Hello, my name is Hannah Chutzpah and today I want to talk about bad writing. That’s right: really, stinky, terrible writing.
Why examine it? Well – partly for the sheer joy of terrible. The Bulwer-Lytton Prize for the worst opening sentence in fiction will give you a taste of how hilarious bad writing can be. But also: by examining bad writing we can work out why it sucks, and then at least avoid a few of the pitfalls. Prose is another kettle of fish – I might do a follow-up post in bad fiction later. But in the meantime, I’m going to focus on bad poetry.
I know a fair bit about bad poetry. I run the annual Vogon Poetry Slam for Towel Day, in which people write nerdy/terrible poetry as a Douglas Adams tribute. And watching people strive to be the worst they can be is truly a wonderful sight. See some youtube videos of it here.
These days, I’m a pretty good poet – but one of the ways I got good was by getting all the terrible stuff out of my system for many, many years. I heard an anecdote that on someone’s first day at art school the professor said ‘I reckon each one of you has about 10,000 bad drawings in you. Get them out. Now. Go!’
Whether deliberately or not, I’ve been getting the horrors out of my system for a long time. Originally they were just brainspill: a badly-rhymed diary entry which I shouldn’t have shown to anyone (oh, how much I cringe that I shared them with anyone) but slowly, over the years, writing became my primary interest. I went to writing groups, swotted, practiced, got feedback, and eventually I got better.
But in the interests of truly smelling one’s own farts, as Stephen Fry once put it, I’m going to examine something I wrote – in all earnestness – when I was a teenager.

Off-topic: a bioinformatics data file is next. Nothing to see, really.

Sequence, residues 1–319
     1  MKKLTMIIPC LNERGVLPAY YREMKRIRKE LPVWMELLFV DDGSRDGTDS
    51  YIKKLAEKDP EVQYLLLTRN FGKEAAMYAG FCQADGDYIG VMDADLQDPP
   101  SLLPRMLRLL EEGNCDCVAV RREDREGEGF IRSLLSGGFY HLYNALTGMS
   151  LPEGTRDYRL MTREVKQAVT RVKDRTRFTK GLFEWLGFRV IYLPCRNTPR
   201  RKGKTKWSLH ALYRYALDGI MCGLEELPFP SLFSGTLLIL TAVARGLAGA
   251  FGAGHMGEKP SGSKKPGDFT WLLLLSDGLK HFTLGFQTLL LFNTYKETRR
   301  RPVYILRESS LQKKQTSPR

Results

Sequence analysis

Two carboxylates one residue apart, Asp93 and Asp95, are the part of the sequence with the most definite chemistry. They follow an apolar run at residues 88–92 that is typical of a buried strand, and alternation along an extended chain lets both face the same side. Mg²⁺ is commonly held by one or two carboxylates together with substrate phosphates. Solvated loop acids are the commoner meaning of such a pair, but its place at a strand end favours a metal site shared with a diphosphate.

This is an untitled piece I found in a box of papers recently. It’s dated 30/12/02 – which means I was aged 16, in the lull between Christmas and new years, and probably bored. I can’t remember who (if anyone) started the deluge but here the piece stands in all it’s horror:
Someone has tattooed ‘loser’ onto my heart
My pain is exquisite, so shall be my art
I am but a translator, a martyr to perfection
I shall be hurt & make beauty of my rejection
I do an important job, a spokesman for the human race
We are but violent scum, art is our saving grace
I am a narcisist, but you must allow my pride
For what I produce is a comfort in which all will someday hide.
Wow. Just wow. I mean, that epic-level sucked, right? But why and how did it suck? I reckon I can half-redeem this piece by using it as a tool to make sure I never do that again.
At sixteen, melodrama isn’t that much of a surprise, but oy vei, that opening couplet is something else. ‘Someone has tattooed ‘loser’ onto my heart/My pain is exquisite, so shall be my art’. Exquisite pain, indelible marks, hearts. It’s all unanchored high drama. Who is the person pining over? What are they hurting about? From this piece alone (and I’m the one that bloody wrote it): no clue. But the writer is miserable and they’ve decided their agony is terrible – yet beautiful – and this makes them a better artist.